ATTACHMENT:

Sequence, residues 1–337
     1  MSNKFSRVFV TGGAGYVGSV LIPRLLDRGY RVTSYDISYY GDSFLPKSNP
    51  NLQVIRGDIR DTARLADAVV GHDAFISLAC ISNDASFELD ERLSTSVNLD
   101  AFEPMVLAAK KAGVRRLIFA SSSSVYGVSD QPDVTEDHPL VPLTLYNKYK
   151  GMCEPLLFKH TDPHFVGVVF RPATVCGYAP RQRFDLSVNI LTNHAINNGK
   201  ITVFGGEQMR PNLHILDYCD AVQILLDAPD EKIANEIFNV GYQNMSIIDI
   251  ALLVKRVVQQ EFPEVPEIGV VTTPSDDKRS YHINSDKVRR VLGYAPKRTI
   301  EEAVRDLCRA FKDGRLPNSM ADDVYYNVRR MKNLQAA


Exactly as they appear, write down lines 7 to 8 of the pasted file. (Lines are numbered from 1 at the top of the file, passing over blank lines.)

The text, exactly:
   251  ALLVKRVVQQ EFPEVPEIGV VTTPSDDKRS YHINSDKVRR VLGYAPKRTI
   301  EEAVRDLCRA FKDGRLPNSM ADDVYYNVRR MKNLQAA